This post is part of my Girl’s Guide to Day Hiking, which I hope inspires you to head to a nearby trail and enjoy the great outdoors!
- Lesson 1: Why Hiking is the Best Hobby
- Lesson 2: What to Wear on a Day Hike
- and today…Lesson 3: 6 Things to Always Carry in Your Day Pack
Below you will find a list of what I have found essential to take in my day pack for every hike.
Day Pack Recommendations
An average person should drink about 2 liters of water per day, so if you are going on a half-day hike, take about 1 liter of water in your day pack.
Water Bottle Recommendations
- Nalgene 1 Liter bottle, Amazon.com
- Get something with a wide opening at the top so you can easily fit ice in
Even if you don’t feel hungry, a little fuel will help you get through the last part of the hike. Alternatively, depending on your schedule, you could pack a picnic and stop at a scenic point for lunch!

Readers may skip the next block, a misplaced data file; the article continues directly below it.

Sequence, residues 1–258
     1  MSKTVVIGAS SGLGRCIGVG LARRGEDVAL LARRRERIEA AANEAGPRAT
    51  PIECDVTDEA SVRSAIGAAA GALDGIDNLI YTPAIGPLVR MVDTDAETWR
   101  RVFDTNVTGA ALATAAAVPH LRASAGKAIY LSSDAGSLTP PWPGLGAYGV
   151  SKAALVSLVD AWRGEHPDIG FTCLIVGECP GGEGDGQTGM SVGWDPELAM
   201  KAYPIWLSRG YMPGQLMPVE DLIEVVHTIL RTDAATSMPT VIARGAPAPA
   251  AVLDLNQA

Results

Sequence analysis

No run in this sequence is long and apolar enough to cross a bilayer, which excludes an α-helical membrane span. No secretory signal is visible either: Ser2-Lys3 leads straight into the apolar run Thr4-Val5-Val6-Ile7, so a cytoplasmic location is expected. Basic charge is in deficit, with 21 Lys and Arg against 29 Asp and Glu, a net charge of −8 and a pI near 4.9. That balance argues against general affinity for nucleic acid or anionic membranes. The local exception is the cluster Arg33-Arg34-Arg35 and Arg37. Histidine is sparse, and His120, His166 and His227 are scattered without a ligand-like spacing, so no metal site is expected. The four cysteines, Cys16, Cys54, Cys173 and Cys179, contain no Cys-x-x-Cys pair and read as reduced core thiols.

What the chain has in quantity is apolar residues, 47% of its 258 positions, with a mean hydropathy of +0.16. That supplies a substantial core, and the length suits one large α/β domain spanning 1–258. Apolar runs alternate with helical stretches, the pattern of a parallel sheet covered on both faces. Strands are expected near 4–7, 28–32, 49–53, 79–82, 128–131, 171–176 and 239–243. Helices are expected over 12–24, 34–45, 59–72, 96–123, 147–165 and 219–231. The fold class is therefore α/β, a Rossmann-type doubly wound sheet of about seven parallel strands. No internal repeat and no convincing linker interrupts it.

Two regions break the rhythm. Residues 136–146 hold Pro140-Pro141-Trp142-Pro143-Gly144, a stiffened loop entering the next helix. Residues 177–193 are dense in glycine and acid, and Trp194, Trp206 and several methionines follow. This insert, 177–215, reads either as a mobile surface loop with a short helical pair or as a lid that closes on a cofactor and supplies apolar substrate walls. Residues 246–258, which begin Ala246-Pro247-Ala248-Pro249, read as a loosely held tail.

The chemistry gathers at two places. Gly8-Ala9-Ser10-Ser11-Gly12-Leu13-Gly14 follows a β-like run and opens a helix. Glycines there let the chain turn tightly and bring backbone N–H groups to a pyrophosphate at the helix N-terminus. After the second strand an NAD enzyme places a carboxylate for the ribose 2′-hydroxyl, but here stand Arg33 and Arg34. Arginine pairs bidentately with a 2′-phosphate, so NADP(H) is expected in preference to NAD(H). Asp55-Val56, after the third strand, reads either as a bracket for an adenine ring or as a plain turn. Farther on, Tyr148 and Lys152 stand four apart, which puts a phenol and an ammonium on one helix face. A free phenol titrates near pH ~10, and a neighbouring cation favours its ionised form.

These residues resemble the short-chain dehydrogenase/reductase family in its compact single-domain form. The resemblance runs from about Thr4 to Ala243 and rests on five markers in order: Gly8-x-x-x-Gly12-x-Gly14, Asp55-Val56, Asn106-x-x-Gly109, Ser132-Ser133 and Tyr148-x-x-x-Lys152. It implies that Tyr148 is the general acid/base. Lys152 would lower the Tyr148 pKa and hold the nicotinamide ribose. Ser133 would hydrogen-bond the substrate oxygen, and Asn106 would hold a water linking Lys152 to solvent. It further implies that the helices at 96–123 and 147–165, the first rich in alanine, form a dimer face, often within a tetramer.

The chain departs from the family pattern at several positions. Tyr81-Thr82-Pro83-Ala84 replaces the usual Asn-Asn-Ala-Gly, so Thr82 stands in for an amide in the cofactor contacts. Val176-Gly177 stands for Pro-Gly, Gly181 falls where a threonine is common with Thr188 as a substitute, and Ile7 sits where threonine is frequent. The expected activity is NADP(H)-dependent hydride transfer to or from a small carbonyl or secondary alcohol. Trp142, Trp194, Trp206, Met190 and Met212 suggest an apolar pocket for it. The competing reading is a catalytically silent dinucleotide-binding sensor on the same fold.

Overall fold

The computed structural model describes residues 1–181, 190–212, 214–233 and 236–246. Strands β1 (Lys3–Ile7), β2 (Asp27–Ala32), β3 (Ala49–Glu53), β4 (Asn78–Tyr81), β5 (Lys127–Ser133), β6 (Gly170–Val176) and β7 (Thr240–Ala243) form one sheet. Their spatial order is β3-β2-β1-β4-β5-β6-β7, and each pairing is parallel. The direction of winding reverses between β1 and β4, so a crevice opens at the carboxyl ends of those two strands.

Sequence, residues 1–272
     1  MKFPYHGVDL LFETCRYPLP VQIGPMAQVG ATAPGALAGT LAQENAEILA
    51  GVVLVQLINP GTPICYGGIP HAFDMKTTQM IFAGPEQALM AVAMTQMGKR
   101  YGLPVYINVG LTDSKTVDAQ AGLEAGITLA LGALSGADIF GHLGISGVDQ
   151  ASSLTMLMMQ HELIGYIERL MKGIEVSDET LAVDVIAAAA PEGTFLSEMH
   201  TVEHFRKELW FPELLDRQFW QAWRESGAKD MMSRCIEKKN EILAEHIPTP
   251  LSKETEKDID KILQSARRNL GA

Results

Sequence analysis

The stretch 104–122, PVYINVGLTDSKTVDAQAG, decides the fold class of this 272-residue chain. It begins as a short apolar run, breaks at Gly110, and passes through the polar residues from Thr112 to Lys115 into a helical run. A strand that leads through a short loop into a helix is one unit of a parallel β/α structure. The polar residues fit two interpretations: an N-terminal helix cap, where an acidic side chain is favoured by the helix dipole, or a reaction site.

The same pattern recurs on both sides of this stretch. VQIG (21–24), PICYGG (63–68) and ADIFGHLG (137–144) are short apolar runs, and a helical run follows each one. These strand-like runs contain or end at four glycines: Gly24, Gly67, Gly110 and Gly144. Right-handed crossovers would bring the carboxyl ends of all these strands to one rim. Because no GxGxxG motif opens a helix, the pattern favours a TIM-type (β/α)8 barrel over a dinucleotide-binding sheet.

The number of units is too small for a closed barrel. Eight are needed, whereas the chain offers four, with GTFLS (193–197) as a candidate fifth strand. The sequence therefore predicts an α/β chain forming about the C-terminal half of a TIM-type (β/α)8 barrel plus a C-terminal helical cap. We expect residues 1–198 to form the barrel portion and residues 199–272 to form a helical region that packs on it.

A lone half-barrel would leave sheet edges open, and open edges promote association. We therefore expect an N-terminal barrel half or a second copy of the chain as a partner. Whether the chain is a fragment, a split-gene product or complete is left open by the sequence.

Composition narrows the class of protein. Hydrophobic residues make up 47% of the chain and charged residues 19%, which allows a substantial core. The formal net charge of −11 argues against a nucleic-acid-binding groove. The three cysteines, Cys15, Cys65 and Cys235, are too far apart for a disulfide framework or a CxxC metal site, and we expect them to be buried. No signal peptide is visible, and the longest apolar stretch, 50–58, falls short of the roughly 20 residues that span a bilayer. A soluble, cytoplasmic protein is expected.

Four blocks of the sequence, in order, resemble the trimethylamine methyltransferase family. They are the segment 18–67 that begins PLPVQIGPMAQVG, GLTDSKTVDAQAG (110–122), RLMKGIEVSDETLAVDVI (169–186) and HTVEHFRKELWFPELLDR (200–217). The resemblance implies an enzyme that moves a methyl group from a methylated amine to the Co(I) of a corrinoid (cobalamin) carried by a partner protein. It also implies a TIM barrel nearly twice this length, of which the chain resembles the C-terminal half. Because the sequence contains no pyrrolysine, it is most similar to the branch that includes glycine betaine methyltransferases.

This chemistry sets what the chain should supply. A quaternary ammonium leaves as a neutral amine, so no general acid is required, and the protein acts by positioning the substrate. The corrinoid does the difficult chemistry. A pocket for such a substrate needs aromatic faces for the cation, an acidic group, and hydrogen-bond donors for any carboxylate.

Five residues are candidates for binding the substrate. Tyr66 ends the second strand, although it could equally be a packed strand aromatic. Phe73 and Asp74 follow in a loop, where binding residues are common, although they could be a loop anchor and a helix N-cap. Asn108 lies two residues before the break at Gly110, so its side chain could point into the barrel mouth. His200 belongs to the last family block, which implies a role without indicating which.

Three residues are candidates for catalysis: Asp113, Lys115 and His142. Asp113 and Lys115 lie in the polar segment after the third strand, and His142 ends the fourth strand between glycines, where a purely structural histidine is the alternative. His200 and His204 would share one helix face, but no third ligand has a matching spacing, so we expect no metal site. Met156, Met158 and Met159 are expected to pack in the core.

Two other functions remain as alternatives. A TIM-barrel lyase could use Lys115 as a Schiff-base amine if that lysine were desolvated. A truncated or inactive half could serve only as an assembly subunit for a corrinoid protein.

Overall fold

- Luna bars, Lara bars, Kind bars, and Clif bars are great. My favorites are Luna Chocolate Peppermint Stick bar, Clif Mint Chocolate Builder’s bar, Blueberry Vanilla & Cashew Kind bar and Blueberry Muffin Lara Bar. So yummy!
- Aaricka and Ha from my Girl’s Guide to Rocky Mountain National Park say fruit and beef jerky are the way to go because they love the salty and sweet combination.
You know if you don’t take a camera, you will see a bear, right? 🙂 Nature seems to know when you forget your camera.
- Techo wide angle and macro lens adapter for iPhone, Amazon.com
- Nikon D3300, Amazon.com
A few hours on the trail can be very intense on your skin! I keep a few bottles in my day pack ready to go.
The dry air and dust always seem to parch my lips when I’m out hiking, and so I always keep vaseline handy because it provides a thick protective coat and is the only brand my lips don’t get addicted to.
Chap Stick Recommendations
- Vaseline Lip Balm, Amazon.com
I like having these around before eating on the trail (and especially after using a park restroom.) While Purell cleanses, it doesn’t get the dirt off, so I stick to wipes for the great out of doors.
- Wet Ones, Amazon.com
(These come in handy for a host of other outdoor activities including hunting and fishing.)
A few other things I’ve often found valuable:
- Binoculars for wildlife viewing
- Dog gear! If you’re hiking with your dog, don’t count on him finding a creek somewhere along the trail. Bring a separate water bowl or bottle, as well as the plastic baggies that keep the trail tidy.